In a recent Hamodia article, the question was raised as to why Rabbi Gilad Kariv (newly elected Knesset member) would “make the Kosel (Western Wall), a place he regards to lack religious meaning, into a battlefield?” I did a double-take. A place he regards to lack religious meaning? How absurd. The question bugged me, and I felt I needed to clarify how this is in fact such a warped position to take. Similar to the ultra-Orthodox, egalitarian Jews and Women of the Wall certainly see the Western Wall as a place that holds great religious meaning. The Wall is a holy site simply because we, the people, made it holy. It represents our rich history and is a place that holds such a deep connection for all of Jews across all denominations. However, we also understand that it is so much more than that.
The Western Wall is a national symbol. As the Jews went into exile and sat by the waters of Babylon, they dreamt of returning once again to the Holy Land. The dream was to return to the place which was home and which was holy. In 1967, when we regained access to the Western Wall, it was as if finally we had returned to our holy and special home. Years later, the Western Wall has become the number one site in Israel for diplomatic visits, national events, and tours. It has become the location where the Israeli army holds its ceremonies. Additionally, the Western Wall has become the symbol for Jews worldwide, linking them to Israel and to Judaism.
It’s interesting to think about who feels that they ‘own’ the Western Wall. The answer is plain and simple- the Western Wall is not owned by anyone. It belongs to all of us and it stands as a symbol for all Jews.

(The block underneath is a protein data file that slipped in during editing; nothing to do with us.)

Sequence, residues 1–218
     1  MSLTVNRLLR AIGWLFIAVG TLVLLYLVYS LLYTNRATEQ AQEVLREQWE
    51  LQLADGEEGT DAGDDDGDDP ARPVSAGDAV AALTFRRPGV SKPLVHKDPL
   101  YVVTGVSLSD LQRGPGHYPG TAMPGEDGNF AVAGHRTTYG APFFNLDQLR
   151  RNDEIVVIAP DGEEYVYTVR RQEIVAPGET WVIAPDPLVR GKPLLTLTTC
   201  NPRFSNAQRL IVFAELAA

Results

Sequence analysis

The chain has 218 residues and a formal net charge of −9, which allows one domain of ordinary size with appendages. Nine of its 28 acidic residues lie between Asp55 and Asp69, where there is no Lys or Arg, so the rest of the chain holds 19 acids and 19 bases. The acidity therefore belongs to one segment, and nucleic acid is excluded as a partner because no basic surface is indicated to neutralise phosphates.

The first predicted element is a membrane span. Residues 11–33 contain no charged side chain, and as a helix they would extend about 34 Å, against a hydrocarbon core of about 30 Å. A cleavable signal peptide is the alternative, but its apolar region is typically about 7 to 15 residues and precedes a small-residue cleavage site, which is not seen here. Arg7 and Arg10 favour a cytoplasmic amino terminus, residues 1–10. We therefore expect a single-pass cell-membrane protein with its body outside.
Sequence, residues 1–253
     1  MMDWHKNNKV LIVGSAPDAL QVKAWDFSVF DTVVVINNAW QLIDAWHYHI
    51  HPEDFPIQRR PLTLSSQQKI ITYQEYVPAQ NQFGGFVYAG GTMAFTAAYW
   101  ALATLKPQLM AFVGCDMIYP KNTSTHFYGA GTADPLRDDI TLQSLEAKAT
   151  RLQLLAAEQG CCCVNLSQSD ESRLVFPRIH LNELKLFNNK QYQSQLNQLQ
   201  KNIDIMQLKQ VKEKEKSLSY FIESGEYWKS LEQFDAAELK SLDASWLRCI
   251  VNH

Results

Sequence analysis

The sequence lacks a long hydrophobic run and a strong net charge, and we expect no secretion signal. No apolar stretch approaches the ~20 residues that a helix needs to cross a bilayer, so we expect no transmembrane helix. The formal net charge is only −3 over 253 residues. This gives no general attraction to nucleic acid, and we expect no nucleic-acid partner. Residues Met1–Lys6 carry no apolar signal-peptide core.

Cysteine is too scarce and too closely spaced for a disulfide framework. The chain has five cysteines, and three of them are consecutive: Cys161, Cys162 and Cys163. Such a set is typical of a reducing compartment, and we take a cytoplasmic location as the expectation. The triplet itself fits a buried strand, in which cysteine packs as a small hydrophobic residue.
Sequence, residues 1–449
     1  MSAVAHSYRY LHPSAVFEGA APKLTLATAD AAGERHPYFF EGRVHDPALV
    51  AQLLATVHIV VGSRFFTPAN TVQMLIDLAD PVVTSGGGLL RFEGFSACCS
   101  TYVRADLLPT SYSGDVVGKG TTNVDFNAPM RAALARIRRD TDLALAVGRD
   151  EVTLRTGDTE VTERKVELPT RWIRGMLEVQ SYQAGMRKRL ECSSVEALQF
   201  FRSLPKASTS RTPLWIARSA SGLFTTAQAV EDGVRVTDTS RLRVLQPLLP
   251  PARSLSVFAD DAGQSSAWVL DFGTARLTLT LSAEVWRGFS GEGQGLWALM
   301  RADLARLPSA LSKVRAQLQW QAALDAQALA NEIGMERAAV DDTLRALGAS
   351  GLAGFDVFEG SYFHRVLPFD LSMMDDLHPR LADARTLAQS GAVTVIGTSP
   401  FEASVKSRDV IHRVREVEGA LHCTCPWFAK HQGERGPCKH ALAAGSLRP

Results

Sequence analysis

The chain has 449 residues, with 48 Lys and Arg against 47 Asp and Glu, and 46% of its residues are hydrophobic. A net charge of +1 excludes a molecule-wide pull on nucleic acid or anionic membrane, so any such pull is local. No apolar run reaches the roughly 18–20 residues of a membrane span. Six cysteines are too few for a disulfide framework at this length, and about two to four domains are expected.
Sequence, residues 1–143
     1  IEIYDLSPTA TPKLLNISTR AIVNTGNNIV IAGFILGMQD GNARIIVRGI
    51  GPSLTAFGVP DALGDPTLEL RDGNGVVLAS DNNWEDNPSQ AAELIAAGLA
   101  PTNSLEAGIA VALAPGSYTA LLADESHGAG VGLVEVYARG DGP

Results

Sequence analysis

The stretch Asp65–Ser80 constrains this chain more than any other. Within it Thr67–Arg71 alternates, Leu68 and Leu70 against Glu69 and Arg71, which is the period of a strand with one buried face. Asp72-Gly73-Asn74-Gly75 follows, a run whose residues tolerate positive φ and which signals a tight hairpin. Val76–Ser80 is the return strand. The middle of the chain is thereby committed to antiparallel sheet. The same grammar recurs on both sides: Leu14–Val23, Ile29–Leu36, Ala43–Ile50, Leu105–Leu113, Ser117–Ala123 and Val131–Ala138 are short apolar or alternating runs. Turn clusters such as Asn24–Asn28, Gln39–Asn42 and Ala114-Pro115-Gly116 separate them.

The ultra-Orthodox media outlets may say that we don’t value the Western Wall’s religious significance and that we should therefore cease and desist from our struggle there. However, it is quite the opposite. We see the Western Wall for all that it stands for and we feel so strongly that all Jews deserve to visit, pray, and worship as we wish. It is not appropriate for one group to impose its tradition on all people who visit this national site, which is not a synagogue. Although the site should be treated with respect, it is still not a synagogue.
Rather than taking words out of context and making claims as to why only the ultra-Orthodox community has a right to the Wall, I propose to the author of the original article to double-check before doing so. Perhaps if time was taken to understand that our goals are to take part in the uniqueness of the Western Wall a common ground could be found. Maybe then, we’d find ourselves one step closer to equality for all Jews at this most special Jewish site.
Photo Credit: Irina Lutt, Women of the Wall